Labor leaders voted Wednesday to increase union dues to build the AFL-CIO's campaign war chest by $25 million for November's elections and the next presidential race.

All 66 unions in the federation will be required to pay an increase of 4 cents a month for each of their members through July 2005 to fund political activities. Two unions opposed the hike.

"We recognized that the challenges facing working families have grown bigger and that our responsibility as the only voice for those families has increaseunions already pay to fund advertising, get-out-the-vote efforts and member education. The money does not go to candidates or parties.

Steve Rosenthal, the AFL-CIO's political director, said the unions will absorb the increase and probably won't pass it along to members. The AFL-CIO plans to spend about $33 million in this two-year election cycle.

The AFL-CIO, not immune from a weak economy, sought the dues increase after finding it was far short of what it wants to spend on the upcoming elections. Democrats cling to a one-seat majority in the Senate and Republicans have an 11-seat edge in the House. Also, 36 governorships are up for grabs in November.

But the Teamsters and the International Association of Machinists argued that the money ultimately will be spent to help Democrats regardless of their track record on issues important to organized labor.

The Teamsters supported Al Gore over President Bush in 2000. But the union has backed Bush's energy plan and Teamsters President James P. Hoffa was given a seat of honor at the president's State of the Union speech this year.

"What I want is more input into the system, more input into the selection of candidates, more input on how the money is spent," Hoffa said.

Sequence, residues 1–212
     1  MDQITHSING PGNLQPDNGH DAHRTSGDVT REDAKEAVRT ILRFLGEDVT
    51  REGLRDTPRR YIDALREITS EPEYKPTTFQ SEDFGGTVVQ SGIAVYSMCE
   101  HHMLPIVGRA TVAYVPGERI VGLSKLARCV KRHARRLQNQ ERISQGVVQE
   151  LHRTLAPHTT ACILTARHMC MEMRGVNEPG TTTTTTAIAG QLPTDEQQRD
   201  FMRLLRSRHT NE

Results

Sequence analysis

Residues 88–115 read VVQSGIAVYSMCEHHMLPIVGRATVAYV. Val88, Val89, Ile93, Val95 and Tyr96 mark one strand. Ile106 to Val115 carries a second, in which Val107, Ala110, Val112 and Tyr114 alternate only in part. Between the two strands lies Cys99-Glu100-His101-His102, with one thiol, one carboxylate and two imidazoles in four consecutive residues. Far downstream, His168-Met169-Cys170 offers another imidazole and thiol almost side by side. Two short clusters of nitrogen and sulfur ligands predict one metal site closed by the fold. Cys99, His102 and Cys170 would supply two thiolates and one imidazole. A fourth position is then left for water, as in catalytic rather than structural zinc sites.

International Association of Machinists President Thomas Buffenbarger said the AFL-CIO's political plan is stale and failing. The candidates labor has supported were touted as worker-friendly, he said.

"Well, I have less members today than I did six years, four years and three years ago," Buffenbarger said.

United Steelworkers of America President Leo Gerard also had concerns about labor's political efforts, suggesting the money might better be spent for "an internal fight to save industrial America."

But Gerard ultimately supported the increase after Sweeney announced he was creating a new Industrial Union Council for the AFL-CIO to help develop a political strategy on issues important to workers in the manufacturing and industrial sectors.

In the past, the labor federation asked for voluntary contributions from its member unions, such as $1 per member in 1998 and $2 per member in 2000, which netted $19 million in each cycle.

"But some unions pointed out that we simply can't keep passing the hat to fund a program that is one of the most important activities we undertake," Sweeney said. "Voluntary contributions make it hard for affiliates to plan and budget, and they are less fair because not all unions contribute at the same level."

The $33 million the AFL-CIO has budgeted is about the same that it spent in 1998, the last midterm elections, Rosenthal said. In the 2000 presidential election cycle, the federation spent about $42 million.

The AFL-CIO is on track to spend about a third of its war chest this cycle on advertising and another third on member mobilization and education. The final third will be spent on such things as political research and political training.

Organized labor is still grappling with changes that will be imposed by a new campaign finance law after November's elections, Rosenthal said.

The new law will restrict late-campaign television advertising that does not directly advocate the election or defeat of a candidate. The AFL-CIO filed a lawsuit, challenging that provision as unconstitutional. Other groups also are suing to overturn the new law.